The HMS Southwold was probably my favorite dive in Malta. However, I missed four days of diving due to Covid so my data set isn’t as large as I would have liked.
I will do two separate posts for the Southwold : this post for the Stern section dive and then a separate post for the Bow section which was a separate dive.
The HMS Southwold was a British Type II Hunt class destroyer that was launched on 29 May 1941 and completed on 9 Oct 1941. The Type II Hunt class destroyer was equivalent to what we would call a “Destroyer Escort” similar to the USS Vammen and was designed to be a fast escort vessel and not as well armed as a larger destroyer. She had a length of 280 feet and a beam of 32 feet (as a comparison, the Vammen was 306 feet long and had a beam of 37 feet).
Given her role as an escort to protect agains airplanes and submarines, armament consisted of 10 anti-aircraft guns, two 20mm cannons and had 110 depth charges.
After completing some sea trials at Scapa Flow, she was deployed to the Mediterranean Fleet and joined the 5th Destroyer Flotilla in January 1942. On March 21, 1942 she departed from the Egyptian port of Alexandria and was part of an escort for four merchant ships bound for Malta. On the 22nd, the convoy came under attack from the Italian Navy with a battleship, ten destroyers, and two heavy cruisers. The battle raged on for two days and then the Italian Navy retreated and German bombers continued the attack.
The Italians and Germans has caused some serious damage to both the escorts and their four cargo ships. Two of the four cargo ships made it to Malta but a third was sunk. The fourth cargo ship, the oil tanker Breconshire, was hit by German bombs a few miles out from Malta. The HMS Southwold was attempting to pass a line to tow the Breconshire to port when she hit a mine that exploded under her engine room. One officer and four crewman were killed.
The paddlewheel tug (I didn’t even know those existed) Ancient then tried to tow the Southwold to Valetta harbor but the damage was too great and the hull split in tow and she sank outside Marsaskala Bay. She was active in service for less than a year.
As noted above, the HMS Southwold split in two and the two sections lie about 300/ 1,000 feet apart so it really requires two dives. Even with a scooter, you would spend about 10 minutes getting between them at a depth of 230-ish feet deep. The stern section is smaller at about 90 feet long and slightly deeper at 240 feet so we did that dive first. The bow section is larger at about 130 feet long and is lying on her starboard side about 215 feet deep.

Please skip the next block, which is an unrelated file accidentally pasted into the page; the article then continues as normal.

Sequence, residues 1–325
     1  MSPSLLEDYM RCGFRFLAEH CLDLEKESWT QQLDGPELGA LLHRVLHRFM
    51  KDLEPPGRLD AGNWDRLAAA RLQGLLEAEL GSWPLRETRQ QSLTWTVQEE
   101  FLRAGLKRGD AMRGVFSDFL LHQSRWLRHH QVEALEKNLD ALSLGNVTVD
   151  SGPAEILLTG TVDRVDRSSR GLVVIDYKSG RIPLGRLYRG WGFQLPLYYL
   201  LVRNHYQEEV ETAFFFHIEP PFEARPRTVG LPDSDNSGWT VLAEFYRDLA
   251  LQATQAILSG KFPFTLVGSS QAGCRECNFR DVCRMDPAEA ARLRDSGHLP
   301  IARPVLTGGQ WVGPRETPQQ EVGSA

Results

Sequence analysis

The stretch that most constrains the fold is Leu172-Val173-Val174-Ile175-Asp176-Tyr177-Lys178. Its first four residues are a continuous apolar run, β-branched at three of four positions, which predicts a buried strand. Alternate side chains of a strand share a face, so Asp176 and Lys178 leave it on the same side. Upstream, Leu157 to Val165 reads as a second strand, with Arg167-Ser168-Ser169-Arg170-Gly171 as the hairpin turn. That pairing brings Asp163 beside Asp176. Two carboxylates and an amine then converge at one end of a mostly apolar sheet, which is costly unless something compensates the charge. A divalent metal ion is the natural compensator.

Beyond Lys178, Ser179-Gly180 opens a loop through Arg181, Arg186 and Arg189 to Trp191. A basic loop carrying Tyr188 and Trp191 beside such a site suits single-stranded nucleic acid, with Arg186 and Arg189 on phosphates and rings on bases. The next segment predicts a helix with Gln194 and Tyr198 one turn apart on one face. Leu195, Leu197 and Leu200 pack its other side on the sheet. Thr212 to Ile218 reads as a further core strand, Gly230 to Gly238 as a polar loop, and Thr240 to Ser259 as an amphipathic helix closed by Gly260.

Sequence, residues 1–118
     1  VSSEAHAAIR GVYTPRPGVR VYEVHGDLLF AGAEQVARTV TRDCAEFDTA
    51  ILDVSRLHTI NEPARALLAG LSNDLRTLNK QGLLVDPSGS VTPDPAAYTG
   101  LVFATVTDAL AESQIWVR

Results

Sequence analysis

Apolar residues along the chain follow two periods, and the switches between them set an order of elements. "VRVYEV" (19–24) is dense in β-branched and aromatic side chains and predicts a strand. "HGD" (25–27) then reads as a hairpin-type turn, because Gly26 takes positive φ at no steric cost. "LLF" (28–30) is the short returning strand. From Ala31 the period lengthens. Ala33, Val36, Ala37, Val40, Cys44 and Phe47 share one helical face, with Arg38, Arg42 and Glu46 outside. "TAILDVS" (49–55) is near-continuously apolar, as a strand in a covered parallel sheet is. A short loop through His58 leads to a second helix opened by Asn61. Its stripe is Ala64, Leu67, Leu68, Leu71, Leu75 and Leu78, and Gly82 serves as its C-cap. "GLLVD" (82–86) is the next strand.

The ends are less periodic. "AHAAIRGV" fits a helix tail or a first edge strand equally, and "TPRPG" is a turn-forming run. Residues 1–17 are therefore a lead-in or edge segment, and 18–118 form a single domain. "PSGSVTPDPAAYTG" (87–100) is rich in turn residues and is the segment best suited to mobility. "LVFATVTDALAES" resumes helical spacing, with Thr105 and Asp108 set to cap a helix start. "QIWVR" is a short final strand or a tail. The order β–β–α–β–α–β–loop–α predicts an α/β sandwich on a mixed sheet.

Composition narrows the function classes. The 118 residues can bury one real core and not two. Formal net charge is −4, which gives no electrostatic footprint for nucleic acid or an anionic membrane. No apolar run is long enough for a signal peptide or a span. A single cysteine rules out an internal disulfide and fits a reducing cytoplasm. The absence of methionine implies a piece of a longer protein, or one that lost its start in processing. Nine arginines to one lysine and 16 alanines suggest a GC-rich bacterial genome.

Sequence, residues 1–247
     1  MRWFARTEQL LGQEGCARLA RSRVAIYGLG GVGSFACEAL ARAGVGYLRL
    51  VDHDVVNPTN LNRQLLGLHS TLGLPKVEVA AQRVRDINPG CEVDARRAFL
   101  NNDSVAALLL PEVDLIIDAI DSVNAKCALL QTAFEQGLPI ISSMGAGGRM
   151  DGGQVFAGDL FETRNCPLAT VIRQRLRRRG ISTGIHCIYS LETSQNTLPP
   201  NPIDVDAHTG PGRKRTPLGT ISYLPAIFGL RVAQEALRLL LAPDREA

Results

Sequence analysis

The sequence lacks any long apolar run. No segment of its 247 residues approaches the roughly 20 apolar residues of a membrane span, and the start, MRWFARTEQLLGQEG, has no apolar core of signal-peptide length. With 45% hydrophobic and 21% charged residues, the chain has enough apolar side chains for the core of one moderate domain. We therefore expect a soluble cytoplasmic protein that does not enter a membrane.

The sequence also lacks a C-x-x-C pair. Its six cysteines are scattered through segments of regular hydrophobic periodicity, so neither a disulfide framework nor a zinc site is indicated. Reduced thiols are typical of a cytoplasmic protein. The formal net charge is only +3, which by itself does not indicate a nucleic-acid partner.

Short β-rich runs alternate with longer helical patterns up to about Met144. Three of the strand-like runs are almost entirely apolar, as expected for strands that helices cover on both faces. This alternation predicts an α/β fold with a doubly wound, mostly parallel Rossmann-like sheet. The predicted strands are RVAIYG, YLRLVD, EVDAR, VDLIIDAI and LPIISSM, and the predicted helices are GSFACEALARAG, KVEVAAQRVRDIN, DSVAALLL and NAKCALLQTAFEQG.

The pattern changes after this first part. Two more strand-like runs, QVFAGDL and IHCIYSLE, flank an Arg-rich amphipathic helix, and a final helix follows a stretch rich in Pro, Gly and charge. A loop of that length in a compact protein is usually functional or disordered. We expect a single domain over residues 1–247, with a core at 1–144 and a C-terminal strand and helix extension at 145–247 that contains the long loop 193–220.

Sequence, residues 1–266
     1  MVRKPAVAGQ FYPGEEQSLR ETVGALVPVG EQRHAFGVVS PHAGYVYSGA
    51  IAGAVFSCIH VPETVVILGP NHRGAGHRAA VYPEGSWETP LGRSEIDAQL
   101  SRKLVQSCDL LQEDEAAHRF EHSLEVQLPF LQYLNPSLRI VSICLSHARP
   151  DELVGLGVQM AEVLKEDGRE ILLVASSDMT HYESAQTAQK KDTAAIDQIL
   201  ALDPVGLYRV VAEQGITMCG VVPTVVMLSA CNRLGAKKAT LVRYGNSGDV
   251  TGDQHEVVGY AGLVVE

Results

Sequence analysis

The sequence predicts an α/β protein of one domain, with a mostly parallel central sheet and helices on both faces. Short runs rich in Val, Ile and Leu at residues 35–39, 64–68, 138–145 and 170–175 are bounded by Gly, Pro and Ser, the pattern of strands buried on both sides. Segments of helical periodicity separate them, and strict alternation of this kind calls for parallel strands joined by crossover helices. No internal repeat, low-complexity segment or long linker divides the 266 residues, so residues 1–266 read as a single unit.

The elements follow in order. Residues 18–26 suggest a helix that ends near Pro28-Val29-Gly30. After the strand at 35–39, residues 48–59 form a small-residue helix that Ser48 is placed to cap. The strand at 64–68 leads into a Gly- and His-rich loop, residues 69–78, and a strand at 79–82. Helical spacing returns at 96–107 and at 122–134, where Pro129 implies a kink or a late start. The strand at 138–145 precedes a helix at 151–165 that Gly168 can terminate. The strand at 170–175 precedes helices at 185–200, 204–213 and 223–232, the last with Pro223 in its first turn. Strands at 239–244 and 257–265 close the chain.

There is a LOT to see on either section of the wreck. Highlights include the anti-aircraft guns, the Southwold name on the back of the stern, the depth charge racks, etc.
The Underwater Malta site has great photogrammetry models of both the stern and the bow sections and also has a composite picture which shows how they “fit together.” A screenshot of the composite graphic is below. I highly recommend looking at the models on their site as they are well done and give a good overview of both sites.
We dove the stern section first so I’ll post those photos first. As reference for the photos, here is a screenshot of the photogrammetry model posted by the Department of Classics and Archaeology Malta.
Photo 1 : 2 x QF-4inch Mk XVI guns in a twin mounting. This was one of three twin QF-4inch guns.
Photo 2 : Gun mount for the above gun
When I was diving the wreck, I noticed this circular object with “rollers” and thought that it looked likely to be used for a gun mount. Later when looking through the photos I realized that the gun in photo 1 goes on this mount in photo 2. Looking at the diagram below, it becomes obvious that is is indeed the “middle aft” gun mount and gun.
Photo 3: Massive amounts of debris from amidships where the explosion hit
Photo 4: Marine heads with cool flushing buttons
Photo 5 : Looking towards the stern from the QF gun mounting station
Photo 6 : Stern 2 x QF-2 pounder MkVIII guns — also known as “pom-pom” guns. 40mm canons uses for anti-aircraft defense.
Photo 7 : Depth charge racks & Southwold Sign. Note the “Southwold” sign at the stern. Very cool sight. I also noticed another Southwold sign inside the stern area (middle right photo below). It also looks like there is a shell sitting on top of one of the depth charge racks.
Photo 8 : John taking pictures of the prop (I’m at the top of the deck at the depth charge racks pictured above.